Is the world becoming a more dangerous place for journalists? There have been far too many incidents that make us answer “yes” to this question. Where journalists go and what they do to get information can be risky.
In 2017, 55 journalists died, and in 2018, there were 56 as of October whose deaths were clearly linked to their work. According to Committee to Protect Journalist’s Global Impunity Index, which measures countries where journalists are killed and their killers go free, Somalia takes the top of the list of offenders for the fourth year in a row. Two countries have re-joined the list, including Afghanistan, where a twin bombing took place in Kabul killing nine journalists. These nine include AFP photographer Shah Marai Fezi and BBC reporter Ahmad Shah, who was shot dead by an unidentified gunman in eastern Khost a few hours later. Colombia has also re-joined the list after a guerrilla group with ties to drug trafficking kidnapped a news crew near the border in Ecuador and killed them on Colombian territory.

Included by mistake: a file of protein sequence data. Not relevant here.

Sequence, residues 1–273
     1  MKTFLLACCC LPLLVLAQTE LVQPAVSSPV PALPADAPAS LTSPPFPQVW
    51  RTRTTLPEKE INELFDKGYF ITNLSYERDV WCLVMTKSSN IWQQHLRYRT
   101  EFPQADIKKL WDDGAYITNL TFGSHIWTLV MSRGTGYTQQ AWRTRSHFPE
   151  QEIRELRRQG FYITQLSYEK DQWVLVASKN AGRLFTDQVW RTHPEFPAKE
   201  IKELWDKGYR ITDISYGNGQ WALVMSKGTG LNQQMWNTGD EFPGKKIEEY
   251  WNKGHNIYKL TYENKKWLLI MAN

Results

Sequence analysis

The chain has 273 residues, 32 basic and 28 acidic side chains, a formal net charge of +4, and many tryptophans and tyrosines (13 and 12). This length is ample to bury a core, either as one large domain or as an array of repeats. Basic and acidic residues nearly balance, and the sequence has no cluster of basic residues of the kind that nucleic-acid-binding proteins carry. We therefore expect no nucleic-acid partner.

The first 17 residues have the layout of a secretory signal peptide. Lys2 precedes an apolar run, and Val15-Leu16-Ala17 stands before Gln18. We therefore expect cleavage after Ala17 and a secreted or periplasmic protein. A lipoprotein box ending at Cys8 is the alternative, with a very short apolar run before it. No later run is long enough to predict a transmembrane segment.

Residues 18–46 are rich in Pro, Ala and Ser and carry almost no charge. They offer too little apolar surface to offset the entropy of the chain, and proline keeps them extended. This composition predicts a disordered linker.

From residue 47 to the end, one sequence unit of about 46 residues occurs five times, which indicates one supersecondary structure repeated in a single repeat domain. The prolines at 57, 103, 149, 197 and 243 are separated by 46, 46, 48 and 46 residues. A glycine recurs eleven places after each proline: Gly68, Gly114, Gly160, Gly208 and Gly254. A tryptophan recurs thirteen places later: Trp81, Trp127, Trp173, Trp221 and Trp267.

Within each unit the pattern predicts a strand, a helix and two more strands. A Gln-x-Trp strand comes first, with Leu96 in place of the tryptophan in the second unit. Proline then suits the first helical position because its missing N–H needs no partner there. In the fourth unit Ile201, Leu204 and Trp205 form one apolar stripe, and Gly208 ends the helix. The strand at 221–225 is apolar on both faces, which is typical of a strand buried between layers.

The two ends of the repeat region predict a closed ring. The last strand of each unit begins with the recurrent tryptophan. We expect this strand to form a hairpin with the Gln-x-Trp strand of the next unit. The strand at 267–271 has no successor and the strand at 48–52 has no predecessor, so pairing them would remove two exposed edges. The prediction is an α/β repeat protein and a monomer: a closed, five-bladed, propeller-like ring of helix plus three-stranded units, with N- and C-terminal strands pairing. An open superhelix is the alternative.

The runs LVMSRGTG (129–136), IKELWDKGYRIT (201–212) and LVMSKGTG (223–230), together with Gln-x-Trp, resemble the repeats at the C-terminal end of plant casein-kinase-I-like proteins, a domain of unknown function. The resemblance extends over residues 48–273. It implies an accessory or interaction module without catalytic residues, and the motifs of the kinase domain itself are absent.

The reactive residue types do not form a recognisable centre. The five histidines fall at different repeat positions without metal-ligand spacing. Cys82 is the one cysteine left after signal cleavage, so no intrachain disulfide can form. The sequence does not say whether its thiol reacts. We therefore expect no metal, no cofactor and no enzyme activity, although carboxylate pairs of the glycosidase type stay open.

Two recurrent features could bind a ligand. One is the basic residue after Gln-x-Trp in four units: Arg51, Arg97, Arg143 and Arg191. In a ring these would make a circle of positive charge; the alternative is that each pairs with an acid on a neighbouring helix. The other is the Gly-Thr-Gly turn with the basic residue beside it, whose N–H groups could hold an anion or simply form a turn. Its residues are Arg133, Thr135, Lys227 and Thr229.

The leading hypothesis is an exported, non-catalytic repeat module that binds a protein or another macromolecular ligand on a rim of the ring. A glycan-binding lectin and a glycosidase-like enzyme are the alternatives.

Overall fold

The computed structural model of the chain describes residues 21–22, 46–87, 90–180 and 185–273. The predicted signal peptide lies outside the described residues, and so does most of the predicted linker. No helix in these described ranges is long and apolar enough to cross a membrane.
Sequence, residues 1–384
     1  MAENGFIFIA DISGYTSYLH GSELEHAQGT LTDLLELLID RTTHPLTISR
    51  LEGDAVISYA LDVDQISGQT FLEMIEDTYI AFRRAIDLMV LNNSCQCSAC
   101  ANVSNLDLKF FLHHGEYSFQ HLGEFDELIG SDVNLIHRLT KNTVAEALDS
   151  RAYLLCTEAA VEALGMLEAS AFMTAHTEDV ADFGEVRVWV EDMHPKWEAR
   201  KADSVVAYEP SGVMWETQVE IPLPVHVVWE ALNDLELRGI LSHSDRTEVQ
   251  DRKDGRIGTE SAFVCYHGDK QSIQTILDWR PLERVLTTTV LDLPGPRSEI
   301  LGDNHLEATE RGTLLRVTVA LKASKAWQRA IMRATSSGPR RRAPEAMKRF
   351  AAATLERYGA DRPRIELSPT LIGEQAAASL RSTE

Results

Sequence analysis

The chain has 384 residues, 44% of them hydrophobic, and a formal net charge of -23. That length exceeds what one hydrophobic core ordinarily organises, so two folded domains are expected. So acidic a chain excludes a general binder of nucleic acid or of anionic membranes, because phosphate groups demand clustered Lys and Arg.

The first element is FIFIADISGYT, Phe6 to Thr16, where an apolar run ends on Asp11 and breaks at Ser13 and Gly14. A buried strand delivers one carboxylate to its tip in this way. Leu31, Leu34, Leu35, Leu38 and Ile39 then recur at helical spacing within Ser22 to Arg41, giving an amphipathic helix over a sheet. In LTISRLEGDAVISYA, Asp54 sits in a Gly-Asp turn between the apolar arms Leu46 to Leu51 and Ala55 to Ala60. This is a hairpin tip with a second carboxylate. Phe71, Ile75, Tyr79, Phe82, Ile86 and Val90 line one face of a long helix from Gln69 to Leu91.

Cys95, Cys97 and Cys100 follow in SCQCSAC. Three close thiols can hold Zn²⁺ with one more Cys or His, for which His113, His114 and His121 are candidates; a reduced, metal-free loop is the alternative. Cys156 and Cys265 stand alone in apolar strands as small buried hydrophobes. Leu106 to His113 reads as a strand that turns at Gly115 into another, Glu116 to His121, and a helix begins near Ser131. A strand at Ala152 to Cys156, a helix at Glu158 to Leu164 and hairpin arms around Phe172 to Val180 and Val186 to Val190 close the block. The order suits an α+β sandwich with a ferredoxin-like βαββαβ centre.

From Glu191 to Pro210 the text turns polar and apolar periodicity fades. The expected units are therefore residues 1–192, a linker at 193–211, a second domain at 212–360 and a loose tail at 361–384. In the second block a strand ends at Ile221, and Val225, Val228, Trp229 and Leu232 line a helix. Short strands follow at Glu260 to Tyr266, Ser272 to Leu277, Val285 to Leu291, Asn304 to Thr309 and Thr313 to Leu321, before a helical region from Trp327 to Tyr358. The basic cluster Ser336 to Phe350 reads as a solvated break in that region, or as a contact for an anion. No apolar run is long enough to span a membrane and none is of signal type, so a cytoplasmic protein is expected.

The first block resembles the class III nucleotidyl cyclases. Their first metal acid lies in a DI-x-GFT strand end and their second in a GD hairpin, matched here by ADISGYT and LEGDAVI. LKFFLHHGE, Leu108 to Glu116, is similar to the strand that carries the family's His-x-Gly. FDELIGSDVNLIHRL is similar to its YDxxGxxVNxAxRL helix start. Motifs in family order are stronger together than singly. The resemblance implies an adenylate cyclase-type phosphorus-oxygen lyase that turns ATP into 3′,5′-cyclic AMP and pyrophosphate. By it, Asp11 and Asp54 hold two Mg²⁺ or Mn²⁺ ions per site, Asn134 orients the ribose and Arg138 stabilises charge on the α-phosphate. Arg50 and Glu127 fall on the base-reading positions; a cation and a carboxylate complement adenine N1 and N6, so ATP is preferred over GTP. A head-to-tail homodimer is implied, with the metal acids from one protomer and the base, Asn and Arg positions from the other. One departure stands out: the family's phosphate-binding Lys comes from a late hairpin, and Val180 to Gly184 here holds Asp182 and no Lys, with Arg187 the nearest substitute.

In the past decade, there have been 324 journalists silenced with murder, and no criminal was convicted in 85 percent of these cases. In total, 52 percent of journalists were killed in war zones since the start of this year. One well-known journalist that has died recently is Jamal Khashoggi. Khashoggi’s death is claimed to be a mistake by Saudi Arabian Foreign Minister Adel al-Jubeir. A 15-person team was allegedly on a rogue operation when they walked in to the Saudi consulate in Istanbul, Turkey, the place where Khashoggi was last seen alive. This situation put a lot of stress on US-Saudi and Saudi-Turkish alliances. Now, U.S. Senator Lindsey Graham (R-SC) does not believe that Saudi Crown Prince Mohammed Bin Salman was not involved in the murder and did not have any knowledge of it. According to NBC News, Sen. Graham said, “They are an important ally, but when it comes to the Crown Prince, he is irrational, he is unhinged, and I think he has done a lot of damage to the relationship between the United States and Saudi Arabia, and I have no intention of working with him ever again.” The CIA concluded on November 16 that the Crown Prince had ordered the assassination himself. President Trump, on the other hand, believes the Crown Prince, saying that the prince had told him about five times that he was not involved. Sen. Graham says, “From the legislative branch side, we’re going to as much as we can, as hard as we can, to send a signal to the world. This is not how we expect an ally to act. What happened in Turkey violates every norm of civilized society and it will not stand.”
In my eyes, the world is becoming a more dangerous place for journalists. Something needs to change in the way the world solves their problems.